HOW NUTRITION FOR STRESS AND DIABETES ARE INTERRELATED

Diabetes management is a lifelong process. In diabetes, we see that there is a lack of production of insulin which enables the cells to process the glucose from food and use it as energy, is either not produced enough or does not function properly and leads to rise in the blood sugar levels. And it can add stress to your daily life too. To effective glucose control, Stress can be a major barrier. Stress hormones in the body likely directly affect glucose levels. Your body reacts when we are in stress or threatened. This response is known as the fight-or-flight response, which causes elevation in your hormone levels. The responses may be emotional, biological or physical which varies from individual to individual because of both genetic and environmental factors and it affects eating behavior.

As per the best nutritionist in Mumbai, during this response of stress, your body releases two hormones called the adrenaline and cortisol into your bloodstream and your respiratory rates increase. Allowing you to fight the situation, the Your body directs blood to the muscles and limbs. Your body may not be able to use and process the glucose released by your nerve cells if you have diabetes. When convertion of the glucose into energy is not happening, then glucose builds up in the bloodstream causing your blood glucose levels to rise.

ROLE OF NUTRIENTS IN CONTROLLING STRESS:

Management of stress is very important to stay healthy. When we are stressed our body demands more oxygen, more energy and metabolic cofactors like vitamins and minerals. Generally in the people with stress, the body requires healthy food nutrients, but we opt for comfort foods like sugary and fatty foods, lacking in nutrients and causing nutrition depletion that further compromises the metabolic systems.

There are specific role of nutrients in reducing the stress and sugar levels:

Serotonin (5-hydroxytryptamin or 5-HT), which helps the brain to keep calm is synthesized from the dietary amino-acid tryptophan (TRP) helps to reduce stress by stabilizing blood sugar levels. Seretonin levels are boosted up by complex carbohydrates –whole grains, vegetables and fruits. Complex carbohydrate which are rich in fibre helps to maintain healthy digestive functioning. It helps the food stay longer in the stomach and slow release of carbohydrates, which helps in slow serotonin release.

Omega -3 fatty acids: It helps in the formation of nerves cells. DHA, a component of of omega -3 fatty acids, enhances the brain to utilize different chemicals and turn on gene that make serotonin. Omega -3 rich foods include flax seeds, walnuts, hemp canola.

Tryptophan: It is an amino acid that works with other nutrients like vitamin B6, magnesium, niacin synthesizes serotonin. Milk and whole grains are rich in tryptophan. Too little tryptophan produces little amount of serotonin.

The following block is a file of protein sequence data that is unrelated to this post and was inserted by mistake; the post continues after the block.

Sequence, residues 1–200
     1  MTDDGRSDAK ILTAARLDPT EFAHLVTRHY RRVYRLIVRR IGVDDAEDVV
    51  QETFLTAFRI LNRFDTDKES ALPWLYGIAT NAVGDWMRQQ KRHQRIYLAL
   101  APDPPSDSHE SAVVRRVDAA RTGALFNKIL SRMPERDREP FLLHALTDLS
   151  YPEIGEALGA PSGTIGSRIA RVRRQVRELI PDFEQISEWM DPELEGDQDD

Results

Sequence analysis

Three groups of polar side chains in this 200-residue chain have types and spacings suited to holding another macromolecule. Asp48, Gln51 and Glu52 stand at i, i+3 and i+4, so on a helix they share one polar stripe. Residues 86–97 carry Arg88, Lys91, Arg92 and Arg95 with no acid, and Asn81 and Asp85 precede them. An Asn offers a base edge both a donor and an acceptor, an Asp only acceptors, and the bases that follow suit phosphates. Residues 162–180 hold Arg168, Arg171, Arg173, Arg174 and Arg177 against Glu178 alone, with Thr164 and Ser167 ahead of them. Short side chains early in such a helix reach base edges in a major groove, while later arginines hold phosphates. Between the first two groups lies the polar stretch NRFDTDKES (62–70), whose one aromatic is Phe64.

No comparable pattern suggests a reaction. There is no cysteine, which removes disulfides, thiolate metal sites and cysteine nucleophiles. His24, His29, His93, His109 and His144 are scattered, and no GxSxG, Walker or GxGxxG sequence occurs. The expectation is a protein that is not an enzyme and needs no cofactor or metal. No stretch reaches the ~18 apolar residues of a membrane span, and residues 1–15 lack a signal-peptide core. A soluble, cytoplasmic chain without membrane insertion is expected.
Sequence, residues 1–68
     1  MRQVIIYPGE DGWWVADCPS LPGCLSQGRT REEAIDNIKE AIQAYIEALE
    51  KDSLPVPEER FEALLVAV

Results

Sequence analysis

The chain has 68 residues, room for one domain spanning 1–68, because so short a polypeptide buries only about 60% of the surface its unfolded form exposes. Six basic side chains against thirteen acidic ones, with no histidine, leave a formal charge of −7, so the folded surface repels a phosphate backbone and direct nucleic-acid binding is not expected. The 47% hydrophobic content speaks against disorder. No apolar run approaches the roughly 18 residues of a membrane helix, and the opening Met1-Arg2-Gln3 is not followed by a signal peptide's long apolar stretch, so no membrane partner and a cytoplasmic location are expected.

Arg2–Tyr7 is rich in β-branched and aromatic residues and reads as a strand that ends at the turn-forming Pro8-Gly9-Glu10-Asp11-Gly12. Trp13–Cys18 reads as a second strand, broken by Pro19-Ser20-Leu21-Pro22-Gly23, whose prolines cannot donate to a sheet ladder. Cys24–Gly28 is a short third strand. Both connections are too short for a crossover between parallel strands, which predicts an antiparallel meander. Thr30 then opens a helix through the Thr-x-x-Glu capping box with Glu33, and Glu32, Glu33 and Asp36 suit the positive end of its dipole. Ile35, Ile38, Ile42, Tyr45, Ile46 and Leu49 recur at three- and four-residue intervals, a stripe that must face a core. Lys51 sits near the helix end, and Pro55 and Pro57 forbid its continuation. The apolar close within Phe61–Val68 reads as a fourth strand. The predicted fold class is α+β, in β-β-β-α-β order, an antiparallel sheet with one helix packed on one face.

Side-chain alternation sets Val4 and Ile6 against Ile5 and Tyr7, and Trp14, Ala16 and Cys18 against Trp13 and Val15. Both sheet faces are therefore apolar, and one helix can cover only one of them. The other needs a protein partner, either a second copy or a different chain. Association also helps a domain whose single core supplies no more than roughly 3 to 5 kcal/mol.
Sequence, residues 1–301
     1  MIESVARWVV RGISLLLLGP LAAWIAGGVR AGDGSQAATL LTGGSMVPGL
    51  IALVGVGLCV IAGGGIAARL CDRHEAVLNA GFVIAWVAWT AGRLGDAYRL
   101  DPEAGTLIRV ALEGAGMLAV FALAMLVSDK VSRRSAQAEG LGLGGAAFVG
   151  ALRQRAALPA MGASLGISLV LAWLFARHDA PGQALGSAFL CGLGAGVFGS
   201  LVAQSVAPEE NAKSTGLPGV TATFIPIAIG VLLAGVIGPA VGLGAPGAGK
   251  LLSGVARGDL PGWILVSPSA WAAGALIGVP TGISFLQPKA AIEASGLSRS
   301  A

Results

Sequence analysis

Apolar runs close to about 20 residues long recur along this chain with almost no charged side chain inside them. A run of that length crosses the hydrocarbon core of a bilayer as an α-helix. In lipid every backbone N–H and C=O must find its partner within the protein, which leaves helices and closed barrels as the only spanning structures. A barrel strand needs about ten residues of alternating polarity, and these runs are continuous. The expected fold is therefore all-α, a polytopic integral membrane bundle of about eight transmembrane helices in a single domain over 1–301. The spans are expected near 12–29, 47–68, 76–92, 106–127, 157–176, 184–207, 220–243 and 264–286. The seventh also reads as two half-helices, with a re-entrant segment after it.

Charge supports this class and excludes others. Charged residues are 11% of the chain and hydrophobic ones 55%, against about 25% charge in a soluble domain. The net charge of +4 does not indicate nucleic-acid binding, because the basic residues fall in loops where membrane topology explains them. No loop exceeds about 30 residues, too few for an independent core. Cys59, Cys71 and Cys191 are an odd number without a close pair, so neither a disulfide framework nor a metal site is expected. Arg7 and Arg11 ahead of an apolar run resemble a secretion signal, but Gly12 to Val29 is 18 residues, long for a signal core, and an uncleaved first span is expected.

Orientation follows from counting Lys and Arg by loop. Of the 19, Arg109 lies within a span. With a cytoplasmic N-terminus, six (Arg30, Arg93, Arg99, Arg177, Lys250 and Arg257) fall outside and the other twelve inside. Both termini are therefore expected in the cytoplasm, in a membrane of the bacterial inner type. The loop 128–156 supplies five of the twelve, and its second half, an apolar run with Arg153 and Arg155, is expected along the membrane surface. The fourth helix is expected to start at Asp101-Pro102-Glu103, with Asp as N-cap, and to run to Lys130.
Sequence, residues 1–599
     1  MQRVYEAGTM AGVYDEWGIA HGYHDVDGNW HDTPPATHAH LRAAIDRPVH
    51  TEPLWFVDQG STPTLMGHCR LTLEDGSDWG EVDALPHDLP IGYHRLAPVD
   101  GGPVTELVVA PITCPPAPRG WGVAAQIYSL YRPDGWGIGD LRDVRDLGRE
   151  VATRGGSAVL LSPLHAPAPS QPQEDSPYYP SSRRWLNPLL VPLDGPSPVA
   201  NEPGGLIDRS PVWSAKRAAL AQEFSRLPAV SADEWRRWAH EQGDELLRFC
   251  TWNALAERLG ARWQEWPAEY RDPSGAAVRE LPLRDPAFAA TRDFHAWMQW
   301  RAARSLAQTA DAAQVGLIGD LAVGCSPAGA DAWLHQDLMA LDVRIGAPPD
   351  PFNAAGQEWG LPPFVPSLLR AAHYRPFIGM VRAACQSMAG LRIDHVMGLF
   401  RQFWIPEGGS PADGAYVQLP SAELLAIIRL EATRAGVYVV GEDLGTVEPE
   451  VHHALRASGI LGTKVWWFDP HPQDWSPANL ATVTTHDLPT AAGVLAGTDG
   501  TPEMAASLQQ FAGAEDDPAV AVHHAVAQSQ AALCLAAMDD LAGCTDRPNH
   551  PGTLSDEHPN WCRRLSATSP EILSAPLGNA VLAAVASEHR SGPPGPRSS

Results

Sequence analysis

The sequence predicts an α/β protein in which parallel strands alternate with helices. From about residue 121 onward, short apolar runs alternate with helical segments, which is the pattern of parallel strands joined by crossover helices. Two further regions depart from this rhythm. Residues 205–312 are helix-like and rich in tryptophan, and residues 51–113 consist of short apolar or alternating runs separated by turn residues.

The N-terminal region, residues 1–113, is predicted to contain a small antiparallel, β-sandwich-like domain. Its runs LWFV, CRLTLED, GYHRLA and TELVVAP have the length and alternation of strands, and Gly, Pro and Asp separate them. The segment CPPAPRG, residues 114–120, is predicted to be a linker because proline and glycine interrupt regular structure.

Phenylalanine and tyrosine: These nutrients help to increase the brain neurons and produce anti depressents. Vitamin C rich foods helps the metabolism of these nutrients. Tofu, dairy products, bananas, avocados, lima beans, pumpkin seeds, sesame seeds and almonds are the main sources of phenylalanine and tyrosine.

Vitamin C: It is a stress buster, which helps to reduce stress by supporting the adrenal glands. IT helps to recover the stress by reducing fatigue. Stress depletes vitamin C levels in the body, it reduces the body’s resistance to infection and disease and increases further stress in the body. When we increase the vitamin C intake, the harmful effects of the stress hormones are reduced and the body’s ability to fight with the stress response improve, will help in production of dopamine in the body and make the person feel relaxation. Include more of vitamin C rich foods like oranges, kiwi, bell peppers, tomatoes, broccoli, lemon, amla etc.

Vitamin B6: They help in the functioning and maintaining the nervous system. The harmful effects of vitamin-B-deficiencies on the nervous system might increase the risk of developing stress-related symptoms such as irritability, lethargy and depression. They help to keep your energy levels and mood stable by regulating blood-sugar. Among B-vitamins, most important is vitamin B5 (pantothenic acid) which is often called anti-stress vitamin B5 helps support the adrenal glands. Good sources of this vitamin is peas, leafy vegetables, fish, peanuts, legumes, whole grain cereals.

Magnesium: Magnesium is related to stress. It is required in various body functions like the muscle relaxation, regulation of heart beat, formation of fatty cells. Physiological stress depletes the magnesium levels in the body especially and heart and vital organs. Increase the dietary magnesium by adding nuts, pumpkin seeds, green leafy vegetables etc.

Selenium: Studies from the best nutritionist in Delhi states that, selenium is a mineral involved in the reactions which release energy from cells. Its impact on the function of adrenal glands by causing fatigue. Brazil nuts and also whole grains (if grown in selenium rich soil) are rich in selenium content. Adequate supply of vitamin E increases the effectiveness of selenium.